• Project Summary: The UW-Platteville Mathematicum is a traveling math museum. While the Mathematicum has exhibits that appeal to elementary, middle, and high school students, the museum travels most often to the under-resourced, rural elementary and middle schools in southwest Wisconsin. Students (and parents) enjoy creating art on a giant Spirograph, experimenting with an elliptical pool table, or trying to solve supersized math puzzles. Some exhibits currently under construction are a lights-out toggle puzzle, a magnetic system of gears game, a binomial (Plinko) board, and two sets of tiles for aperiodic tiling. The current proposal requests funding to build new exhibits, especially those that appeal to middle school students.
  • Project Institution: West Virginia University
  • Project Director: Erin Goodykoontz
  • Project Summary: WV Math Game Days is a project designed for middle school students in rural areas of West Virginia. West Virginia University professors will visit these schools, engaging students and families in math games to enhance their understanding and proficiency in mathematics. The sessions include enjoyable game play along with discussions on mathematical strategies and logic. Each student participant will receive a set of the games played during the events, contributing to their ongoing math education.

 

Read About Previous Awardees

 

2023          2022

2023

  • Project Institution: Chaminade University of Honolulu
  • Project Director: Lori Shimoda
  • Project Summary: The I Am A Scientist (IAS) program is a unique free STEM outreach program where professional scientists and university undergraduates teach science & math concepts and skills to students in their own school. Using innovative and career relevant hands-on activities, students experience success using math and data in an exciting and supporting environment outside their standard classroom curriculum. Our project is a collaboration with the Data Science, Analytics and Visualization Program at Chaminade University of Honolulu, the United Nations CIFAL Center Honolulu, Hawai‘i public schools, and community organizations. We prioritize serving students in underserved communities on the neighbor islands and on Oahu where STEM resources are limited.
  • Project Institution: Kansas State University
  • Project Director: David Auckly
  • Project Summary: The Navajo Nation Math Circles project is an outreach program for students and their teachers in the Navajo Nation. There are three components for students that for the basis of this Neff project. These are mathematical festivals, regular math circle sessions during the academic year, and a signature summer math camp for students in grades 6 - 12. The camp includes two 90-minute math circle sessions per day where students collaborate to explore open-ended mathematical questions. It also includes cultural, physical, and social components as well as indigenous STEM role models.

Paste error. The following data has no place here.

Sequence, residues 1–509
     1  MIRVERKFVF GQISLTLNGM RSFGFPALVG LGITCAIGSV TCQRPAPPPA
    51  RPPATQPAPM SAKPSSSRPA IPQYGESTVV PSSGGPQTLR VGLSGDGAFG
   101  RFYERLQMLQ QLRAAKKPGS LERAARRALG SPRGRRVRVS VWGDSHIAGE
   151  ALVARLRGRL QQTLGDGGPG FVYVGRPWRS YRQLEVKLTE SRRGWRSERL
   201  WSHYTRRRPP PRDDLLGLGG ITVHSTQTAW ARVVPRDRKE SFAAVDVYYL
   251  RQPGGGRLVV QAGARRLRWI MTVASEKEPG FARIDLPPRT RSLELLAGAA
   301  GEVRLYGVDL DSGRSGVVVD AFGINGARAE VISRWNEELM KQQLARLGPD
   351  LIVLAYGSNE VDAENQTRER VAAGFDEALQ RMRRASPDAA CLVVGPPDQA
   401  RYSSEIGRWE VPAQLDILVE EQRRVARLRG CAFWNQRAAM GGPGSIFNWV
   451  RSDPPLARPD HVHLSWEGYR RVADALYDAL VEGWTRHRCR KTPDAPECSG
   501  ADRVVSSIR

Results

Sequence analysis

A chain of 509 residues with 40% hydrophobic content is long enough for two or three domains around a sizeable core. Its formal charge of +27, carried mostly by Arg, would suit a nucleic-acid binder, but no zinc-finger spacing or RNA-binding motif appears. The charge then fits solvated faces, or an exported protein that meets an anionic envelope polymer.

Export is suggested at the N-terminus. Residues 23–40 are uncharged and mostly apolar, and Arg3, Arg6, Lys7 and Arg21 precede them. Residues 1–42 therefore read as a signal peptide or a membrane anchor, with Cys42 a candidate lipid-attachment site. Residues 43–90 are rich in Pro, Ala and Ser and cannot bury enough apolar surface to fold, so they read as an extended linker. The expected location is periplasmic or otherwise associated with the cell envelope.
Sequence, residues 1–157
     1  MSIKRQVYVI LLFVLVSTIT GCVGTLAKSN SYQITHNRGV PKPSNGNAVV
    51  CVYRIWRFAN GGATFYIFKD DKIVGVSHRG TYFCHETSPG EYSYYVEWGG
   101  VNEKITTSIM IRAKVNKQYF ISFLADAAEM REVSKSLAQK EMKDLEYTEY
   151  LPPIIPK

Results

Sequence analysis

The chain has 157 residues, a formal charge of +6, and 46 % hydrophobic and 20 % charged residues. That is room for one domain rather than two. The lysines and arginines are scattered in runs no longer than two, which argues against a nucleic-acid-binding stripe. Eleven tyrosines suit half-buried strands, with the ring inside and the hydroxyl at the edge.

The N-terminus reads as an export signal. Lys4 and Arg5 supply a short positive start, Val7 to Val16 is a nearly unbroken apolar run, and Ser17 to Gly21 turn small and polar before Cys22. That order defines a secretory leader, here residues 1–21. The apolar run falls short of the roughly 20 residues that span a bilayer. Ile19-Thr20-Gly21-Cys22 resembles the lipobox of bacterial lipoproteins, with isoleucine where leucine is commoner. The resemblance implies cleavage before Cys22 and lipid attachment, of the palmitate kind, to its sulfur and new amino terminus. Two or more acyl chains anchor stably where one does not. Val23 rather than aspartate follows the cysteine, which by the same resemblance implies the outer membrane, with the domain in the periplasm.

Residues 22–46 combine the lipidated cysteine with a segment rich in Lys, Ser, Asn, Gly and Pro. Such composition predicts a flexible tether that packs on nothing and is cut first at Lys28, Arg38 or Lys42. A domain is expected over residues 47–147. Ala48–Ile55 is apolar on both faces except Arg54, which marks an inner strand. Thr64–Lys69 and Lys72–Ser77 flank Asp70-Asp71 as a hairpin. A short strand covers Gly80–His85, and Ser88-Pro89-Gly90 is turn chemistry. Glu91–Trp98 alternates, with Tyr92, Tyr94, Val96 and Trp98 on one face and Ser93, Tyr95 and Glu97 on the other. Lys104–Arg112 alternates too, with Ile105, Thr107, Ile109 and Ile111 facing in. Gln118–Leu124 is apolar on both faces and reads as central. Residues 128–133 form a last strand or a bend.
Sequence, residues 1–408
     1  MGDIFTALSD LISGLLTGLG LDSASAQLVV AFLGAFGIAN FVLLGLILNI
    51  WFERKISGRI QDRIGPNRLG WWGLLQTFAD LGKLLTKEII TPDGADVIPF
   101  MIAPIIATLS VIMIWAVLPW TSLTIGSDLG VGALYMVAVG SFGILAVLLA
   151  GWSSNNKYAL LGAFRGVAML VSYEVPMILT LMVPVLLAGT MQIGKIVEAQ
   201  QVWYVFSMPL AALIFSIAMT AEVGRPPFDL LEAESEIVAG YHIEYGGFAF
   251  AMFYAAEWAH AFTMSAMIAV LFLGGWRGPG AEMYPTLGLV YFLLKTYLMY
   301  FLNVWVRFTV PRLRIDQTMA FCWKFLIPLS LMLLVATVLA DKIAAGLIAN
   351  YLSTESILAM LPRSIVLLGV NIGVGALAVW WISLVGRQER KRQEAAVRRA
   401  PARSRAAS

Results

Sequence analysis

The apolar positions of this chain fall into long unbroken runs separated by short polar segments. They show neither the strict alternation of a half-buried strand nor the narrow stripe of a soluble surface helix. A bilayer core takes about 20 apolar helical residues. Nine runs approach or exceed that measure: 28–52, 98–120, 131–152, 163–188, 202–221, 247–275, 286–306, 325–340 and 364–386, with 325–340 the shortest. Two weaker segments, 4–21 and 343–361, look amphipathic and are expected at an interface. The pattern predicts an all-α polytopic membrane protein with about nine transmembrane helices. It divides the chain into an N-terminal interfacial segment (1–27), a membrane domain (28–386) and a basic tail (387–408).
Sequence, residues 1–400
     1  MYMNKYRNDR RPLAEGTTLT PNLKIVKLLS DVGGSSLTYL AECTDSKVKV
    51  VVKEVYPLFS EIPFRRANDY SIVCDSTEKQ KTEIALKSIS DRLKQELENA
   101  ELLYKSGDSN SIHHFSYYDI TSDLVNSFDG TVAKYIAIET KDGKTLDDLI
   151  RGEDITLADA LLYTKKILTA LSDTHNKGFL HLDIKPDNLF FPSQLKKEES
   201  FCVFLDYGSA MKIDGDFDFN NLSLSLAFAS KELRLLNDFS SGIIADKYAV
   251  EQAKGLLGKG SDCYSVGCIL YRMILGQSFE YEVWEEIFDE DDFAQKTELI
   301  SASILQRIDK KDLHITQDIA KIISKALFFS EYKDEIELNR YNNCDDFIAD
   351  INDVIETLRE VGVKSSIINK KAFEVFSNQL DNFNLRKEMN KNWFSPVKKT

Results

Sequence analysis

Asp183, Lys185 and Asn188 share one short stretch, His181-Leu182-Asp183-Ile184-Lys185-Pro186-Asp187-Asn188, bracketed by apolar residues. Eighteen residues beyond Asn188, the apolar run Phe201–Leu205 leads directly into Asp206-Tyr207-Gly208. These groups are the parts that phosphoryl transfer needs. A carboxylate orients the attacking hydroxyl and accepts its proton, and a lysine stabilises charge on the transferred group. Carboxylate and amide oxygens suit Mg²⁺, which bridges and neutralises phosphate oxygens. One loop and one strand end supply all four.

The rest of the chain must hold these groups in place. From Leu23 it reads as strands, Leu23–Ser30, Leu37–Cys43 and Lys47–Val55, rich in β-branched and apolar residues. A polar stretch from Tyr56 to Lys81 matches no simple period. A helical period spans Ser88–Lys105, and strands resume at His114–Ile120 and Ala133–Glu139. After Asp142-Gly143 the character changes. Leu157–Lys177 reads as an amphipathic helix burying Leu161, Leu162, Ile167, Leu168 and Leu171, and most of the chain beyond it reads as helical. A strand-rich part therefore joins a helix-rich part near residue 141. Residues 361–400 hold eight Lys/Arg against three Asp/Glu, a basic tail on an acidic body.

• Project Institution: Pace University
  • Project Director: Shamita Dutta Gupta
  • Project Summary: The American Mathematics Competitions (AMC) are a series of competitions in middle and high school mathematics and administered by the Mathematical Association of America. The aim is to strengthen the skills of the next generation of mathematicians, thinkers, and analysts using classroom resources that culminate in a friendly competition. Pace University will work with Pace High School to offer an after-school AMC training program which will help students develop proficiency for mathematics and analytical thinking beyond classroom mathematics. We will make deep dives into topics of mathematics, through multi-tiered problems. With this approach the students will make deeper connections between topics and start connecting the dots improving their skills enough to find the AMCs, though challenging, an enjoyable and satisfying endeavor. Thus, they will become lifelong learners of mathematics. The program will also be open to other area high schools.
  • Project Institution: West Virginia University
  • Project Director: Vicki Sealey
  • Project Summary: Our project works with middle school students in rural counties in West Virginia. We will host Math Game Days for middle schoolers and their parents/guardians, where we will spend the majority of our time playing math games with students. During and between games, the project team will interject with mini math lessons that are related to the games to help students build fluency and flexibility with numbers and operations. All middle school students and math teachers who attend the event will leave with their own copy of the games that were played, so that the fun and the learning can continue after the events end.